By Ahmed Mousa Jiyad.
Any opinions expressed are those of the author, and do not necessarily reflect the views of Iraq Business News.
IOC's Strategic Positioning in Iraq Upstream Petroleum
Much talk have been circulating recently on "Big Oil" abandoning Iraq upstream petroleum projects after they rushed into the country many years ago. How much truth is in this; who is leaving, remaining and planning a comeback; why and what material evidences are available to provide verifiable realistic explanation are some of the topics this brief intervention attempts to address.
IOCs positioning in Iraq upstream petroleum have seen a dramatic shift since a Grand Opining Big Push Policy- GOBPP was pursued in 2004; offering IOCs opportunities to achieving unprecedented expansion in the petroleum production capacity during short period.
Their involvement and strategic positioning went through three phases: the first, 2004 to end 2008, comprises many memoranda of understanding/cooperation (MoU/Cs ) in search for foothold and as springboard for further opportunities; transparent competitive bidding phase, June 2009 to May 2012, includes four bid rounds and, third phase covers contracts implementation that began from January 2010 up to date.
Ministry of Oil- MoO concluded some 40 MoU/Cs with IOCs from 23 countries, with overwhelming dominance of the US (9); Japan and Norway (4 each); China, UAE, UK and Canada (2 each) and one company from 16 countries.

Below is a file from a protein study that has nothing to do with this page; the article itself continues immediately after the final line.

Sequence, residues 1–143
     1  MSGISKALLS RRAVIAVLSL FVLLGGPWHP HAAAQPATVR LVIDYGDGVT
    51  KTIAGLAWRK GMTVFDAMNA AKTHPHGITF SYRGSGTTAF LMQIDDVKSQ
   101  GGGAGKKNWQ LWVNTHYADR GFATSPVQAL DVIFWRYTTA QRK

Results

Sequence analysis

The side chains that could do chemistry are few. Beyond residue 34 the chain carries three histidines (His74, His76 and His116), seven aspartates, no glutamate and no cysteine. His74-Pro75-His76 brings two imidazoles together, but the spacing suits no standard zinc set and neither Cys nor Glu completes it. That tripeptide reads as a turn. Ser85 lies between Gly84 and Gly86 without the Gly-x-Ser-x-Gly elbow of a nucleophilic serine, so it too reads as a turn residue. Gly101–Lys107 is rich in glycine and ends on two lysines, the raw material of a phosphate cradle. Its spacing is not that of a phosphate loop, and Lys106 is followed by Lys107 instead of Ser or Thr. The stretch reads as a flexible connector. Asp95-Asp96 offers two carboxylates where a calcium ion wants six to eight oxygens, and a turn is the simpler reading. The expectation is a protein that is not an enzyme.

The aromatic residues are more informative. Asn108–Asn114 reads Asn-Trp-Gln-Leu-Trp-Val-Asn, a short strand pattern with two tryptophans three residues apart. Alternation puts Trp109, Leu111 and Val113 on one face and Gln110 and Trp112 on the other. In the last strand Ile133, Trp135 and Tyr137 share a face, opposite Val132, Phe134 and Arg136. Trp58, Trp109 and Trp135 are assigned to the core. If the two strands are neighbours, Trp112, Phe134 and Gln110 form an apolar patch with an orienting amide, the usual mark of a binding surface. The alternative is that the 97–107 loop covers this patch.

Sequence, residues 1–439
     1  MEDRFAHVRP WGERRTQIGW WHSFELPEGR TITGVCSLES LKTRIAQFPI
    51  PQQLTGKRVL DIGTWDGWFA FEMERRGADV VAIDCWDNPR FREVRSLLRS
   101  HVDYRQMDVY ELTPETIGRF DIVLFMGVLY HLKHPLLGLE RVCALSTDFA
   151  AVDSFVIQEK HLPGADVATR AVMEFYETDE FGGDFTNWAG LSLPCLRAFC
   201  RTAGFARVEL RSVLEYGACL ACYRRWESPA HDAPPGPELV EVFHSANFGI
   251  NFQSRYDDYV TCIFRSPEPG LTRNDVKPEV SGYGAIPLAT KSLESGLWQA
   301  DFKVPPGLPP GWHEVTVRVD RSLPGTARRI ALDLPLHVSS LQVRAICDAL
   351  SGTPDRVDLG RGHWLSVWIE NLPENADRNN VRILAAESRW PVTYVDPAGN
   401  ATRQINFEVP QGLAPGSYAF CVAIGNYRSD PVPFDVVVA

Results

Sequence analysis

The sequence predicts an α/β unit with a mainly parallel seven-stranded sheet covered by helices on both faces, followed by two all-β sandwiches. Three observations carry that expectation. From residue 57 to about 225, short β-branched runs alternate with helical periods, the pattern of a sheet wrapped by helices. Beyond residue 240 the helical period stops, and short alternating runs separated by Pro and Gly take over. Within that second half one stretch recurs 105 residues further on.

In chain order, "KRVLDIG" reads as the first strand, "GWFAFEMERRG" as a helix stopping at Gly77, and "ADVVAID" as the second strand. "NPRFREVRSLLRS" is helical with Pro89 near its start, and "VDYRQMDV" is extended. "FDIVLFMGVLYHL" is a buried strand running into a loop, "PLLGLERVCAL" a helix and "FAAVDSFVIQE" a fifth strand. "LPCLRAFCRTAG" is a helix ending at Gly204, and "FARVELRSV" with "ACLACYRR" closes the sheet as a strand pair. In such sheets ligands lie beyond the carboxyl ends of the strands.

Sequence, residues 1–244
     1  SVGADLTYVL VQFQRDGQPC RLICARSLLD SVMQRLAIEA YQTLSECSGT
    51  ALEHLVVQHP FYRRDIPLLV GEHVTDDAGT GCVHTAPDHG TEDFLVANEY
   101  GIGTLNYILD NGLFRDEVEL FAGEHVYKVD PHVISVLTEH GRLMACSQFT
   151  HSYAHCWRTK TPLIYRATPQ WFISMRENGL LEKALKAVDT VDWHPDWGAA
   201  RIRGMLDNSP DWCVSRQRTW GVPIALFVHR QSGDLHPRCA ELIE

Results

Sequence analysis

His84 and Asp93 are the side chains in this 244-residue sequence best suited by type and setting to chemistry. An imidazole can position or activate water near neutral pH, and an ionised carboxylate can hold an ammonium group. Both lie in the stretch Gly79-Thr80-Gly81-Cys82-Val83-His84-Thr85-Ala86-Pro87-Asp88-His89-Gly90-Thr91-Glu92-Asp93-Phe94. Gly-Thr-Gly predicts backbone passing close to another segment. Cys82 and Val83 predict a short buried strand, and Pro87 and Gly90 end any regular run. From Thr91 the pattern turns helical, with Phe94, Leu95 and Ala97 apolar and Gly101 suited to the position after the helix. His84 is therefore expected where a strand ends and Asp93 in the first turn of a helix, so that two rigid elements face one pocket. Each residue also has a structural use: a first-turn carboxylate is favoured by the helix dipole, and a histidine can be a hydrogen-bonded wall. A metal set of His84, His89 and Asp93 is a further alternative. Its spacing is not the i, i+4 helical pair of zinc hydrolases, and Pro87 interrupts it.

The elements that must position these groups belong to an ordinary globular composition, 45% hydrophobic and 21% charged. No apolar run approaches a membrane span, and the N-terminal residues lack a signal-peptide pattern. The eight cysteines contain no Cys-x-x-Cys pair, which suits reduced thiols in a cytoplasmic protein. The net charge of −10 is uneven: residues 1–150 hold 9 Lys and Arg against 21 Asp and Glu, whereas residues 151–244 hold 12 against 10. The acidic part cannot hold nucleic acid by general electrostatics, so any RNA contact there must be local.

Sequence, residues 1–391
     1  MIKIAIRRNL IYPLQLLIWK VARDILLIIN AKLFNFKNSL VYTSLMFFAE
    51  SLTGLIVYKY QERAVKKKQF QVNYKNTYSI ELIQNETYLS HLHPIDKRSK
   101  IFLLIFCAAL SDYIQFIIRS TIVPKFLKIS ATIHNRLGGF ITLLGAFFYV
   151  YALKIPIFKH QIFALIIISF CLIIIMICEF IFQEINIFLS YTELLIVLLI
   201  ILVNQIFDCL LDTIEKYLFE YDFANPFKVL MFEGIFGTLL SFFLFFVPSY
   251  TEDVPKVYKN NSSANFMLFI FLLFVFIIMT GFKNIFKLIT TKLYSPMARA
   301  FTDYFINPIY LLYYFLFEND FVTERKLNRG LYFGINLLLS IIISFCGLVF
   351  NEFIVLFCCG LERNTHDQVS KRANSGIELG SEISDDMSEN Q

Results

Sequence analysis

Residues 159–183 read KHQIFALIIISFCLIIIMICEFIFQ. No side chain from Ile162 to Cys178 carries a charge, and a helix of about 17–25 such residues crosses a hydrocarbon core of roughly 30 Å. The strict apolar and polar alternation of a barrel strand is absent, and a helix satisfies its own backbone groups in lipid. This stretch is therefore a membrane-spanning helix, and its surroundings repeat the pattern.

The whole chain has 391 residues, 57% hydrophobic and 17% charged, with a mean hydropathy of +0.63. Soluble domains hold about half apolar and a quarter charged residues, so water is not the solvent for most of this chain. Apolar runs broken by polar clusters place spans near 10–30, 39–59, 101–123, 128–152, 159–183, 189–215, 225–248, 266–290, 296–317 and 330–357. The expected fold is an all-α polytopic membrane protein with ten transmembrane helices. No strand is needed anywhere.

For IOCs, MoU/Cs represent invaluable direct contact with Iraqi staff and professionals at all layers of responsibility and access to most archives and database relating to upstream petroleum; that helped IOCs exploring where and what they could do to chart their way towards business in Iraq's upstream petroleum and beyond, i.e., to plan their strategic positioning in the sector. Some IOCs had their MoU/C terminated and were blacklisted from further involvement in upstream petroleum projects, due to their agreements with KRG in violation of the government declared policy.
MoU/Cs contributed in formulating and development of a model contract, and by the time they were terminated MoO succeeded, through direct government-to-government talks (with China), in converting Alahdab oilfield from production sharing to service contract. That conversion presents the model for what MoO offers: a long term service contract not a production sharing contract; an outcome many IOCs had not hoped for and probably impacted their decision for further undertaking.
The first bid round, for brown oilfields, was held end June 2009, followed by three bid rounds for green fields, gas fields and exploration blocks respectively; the last was convened end May 2012.